Changes in physical, chemical, microbial and enzymatic parameters were monitored during the composting of organic fraction of municipal solid wastes under compost plant normal operating conditions (CPNOC) (pile size, moisture and turning were not adjusted) and compost plant adjusted conditions (CPAC) (pile size (1.5 m height and 3.0 m width), then moisture (40-60%) and turning (twice a week)).The results showed that the temperature reached its maximum (71.5 and 65.5 oC) after 26 and 19 days in the CPNOC and CPAC, respectively; then decreased. The final compost is odourless and dark brown, especially in case of CPAC. Marked changes in pH were found. Organic matter (OM) and organic carbon (OC) decreased, whereas ash, nitrogen (N), phosphorus (P) and potassium (K) increased and consequently C/N, C/P and C/K ratios decreased with time. The decrease was higher in case of CPAC. Also, Microbial populations (bacteria and fungi) were higher in the CPAC and bacteria were many. Activity of enzymes was higher in the CPAC. The maximum activity was at the beginning for a-amylase, after 40 days for carboxymethylcellulase (CMCase) and after 30 days for xylanase. The current study proves that CPNOC is not suitable for composting, whereas CPAC provides a favourable environment for microorganisms and their enzymatic activities thereby, making the final compost reached its full maturity. Generally, changes in microbial populations and enzymatic activities during composting could be used as suitable indicators to characterize the composting process and the compost maturity when combined with some physical and chemical parameters. Therefore, composting could be an appropriate technology to produce a useful product (compost) if optimum conditions are performed.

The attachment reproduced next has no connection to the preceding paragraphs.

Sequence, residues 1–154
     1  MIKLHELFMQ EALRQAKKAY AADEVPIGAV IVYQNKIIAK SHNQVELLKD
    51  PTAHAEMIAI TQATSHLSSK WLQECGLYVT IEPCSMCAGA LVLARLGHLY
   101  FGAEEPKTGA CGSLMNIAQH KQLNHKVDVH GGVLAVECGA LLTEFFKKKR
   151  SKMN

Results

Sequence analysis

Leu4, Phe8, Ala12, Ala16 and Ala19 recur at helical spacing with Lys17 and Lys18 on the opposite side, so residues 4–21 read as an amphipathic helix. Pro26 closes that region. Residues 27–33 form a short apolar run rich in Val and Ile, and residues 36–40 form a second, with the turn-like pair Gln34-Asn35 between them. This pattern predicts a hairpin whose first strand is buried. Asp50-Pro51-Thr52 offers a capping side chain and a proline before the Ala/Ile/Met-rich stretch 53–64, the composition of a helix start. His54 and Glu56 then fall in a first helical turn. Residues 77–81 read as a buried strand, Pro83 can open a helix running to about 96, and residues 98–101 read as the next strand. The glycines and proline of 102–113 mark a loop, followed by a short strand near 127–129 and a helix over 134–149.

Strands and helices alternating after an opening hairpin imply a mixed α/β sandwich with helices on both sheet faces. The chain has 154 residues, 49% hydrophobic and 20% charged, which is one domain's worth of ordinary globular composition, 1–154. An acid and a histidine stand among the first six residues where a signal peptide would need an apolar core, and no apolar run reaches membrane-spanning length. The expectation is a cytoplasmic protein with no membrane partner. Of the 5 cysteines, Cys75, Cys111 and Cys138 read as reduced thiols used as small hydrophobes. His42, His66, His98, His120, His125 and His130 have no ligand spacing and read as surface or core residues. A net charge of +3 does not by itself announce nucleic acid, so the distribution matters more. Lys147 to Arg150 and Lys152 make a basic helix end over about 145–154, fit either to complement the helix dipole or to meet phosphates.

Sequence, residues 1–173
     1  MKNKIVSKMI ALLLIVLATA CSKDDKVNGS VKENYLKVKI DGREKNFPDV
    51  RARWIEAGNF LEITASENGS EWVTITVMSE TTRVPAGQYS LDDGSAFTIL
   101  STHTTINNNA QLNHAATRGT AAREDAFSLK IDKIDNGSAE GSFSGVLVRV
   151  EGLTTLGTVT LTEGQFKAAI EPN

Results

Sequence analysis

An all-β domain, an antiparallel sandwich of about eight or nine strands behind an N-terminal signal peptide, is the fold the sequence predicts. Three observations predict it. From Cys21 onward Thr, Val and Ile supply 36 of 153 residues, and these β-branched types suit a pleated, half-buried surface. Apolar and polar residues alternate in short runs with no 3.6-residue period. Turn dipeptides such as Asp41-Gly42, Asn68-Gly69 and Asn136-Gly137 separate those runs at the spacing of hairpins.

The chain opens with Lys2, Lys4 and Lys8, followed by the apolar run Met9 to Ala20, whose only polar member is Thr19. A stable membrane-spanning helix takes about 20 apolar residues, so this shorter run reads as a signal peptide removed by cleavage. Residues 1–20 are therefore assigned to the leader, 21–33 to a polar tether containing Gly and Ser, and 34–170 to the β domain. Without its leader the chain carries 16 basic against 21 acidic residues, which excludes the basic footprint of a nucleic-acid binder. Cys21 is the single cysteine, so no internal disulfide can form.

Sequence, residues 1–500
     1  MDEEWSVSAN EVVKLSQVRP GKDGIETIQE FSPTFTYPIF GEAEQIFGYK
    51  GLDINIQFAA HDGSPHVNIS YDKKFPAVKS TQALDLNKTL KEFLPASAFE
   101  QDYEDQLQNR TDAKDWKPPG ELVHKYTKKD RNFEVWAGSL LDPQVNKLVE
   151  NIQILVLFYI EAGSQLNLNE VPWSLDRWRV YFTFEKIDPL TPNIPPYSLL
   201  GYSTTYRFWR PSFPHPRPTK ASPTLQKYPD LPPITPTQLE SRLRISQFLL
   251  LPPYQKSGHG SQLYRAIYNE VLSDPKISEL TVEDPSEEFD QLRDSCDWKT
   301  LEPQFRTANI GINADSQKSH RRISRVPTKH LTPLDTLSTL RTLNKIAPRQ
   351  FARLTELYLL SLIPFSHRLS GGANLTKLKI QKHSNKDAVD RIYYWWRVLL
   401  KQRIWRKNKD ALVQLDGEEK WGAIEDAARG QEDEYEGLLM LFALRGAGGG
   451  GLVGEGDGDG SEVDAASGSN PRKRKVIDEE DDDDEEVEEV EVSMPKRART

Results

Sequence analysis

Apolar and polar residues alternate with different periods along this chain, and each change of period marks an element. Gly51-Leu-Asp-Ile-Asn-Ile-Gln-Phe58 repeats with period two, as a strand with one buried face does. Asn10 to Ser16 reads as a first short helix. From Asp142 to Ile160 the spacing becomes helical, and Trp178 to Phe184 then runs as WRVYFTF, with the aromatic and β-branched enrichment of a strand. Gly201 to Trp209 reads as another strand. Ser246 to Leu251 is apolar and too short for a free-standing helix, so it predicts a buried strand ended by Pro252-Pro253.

Organic fraction of municipal solid wastes, Composting, Evaluation parameters
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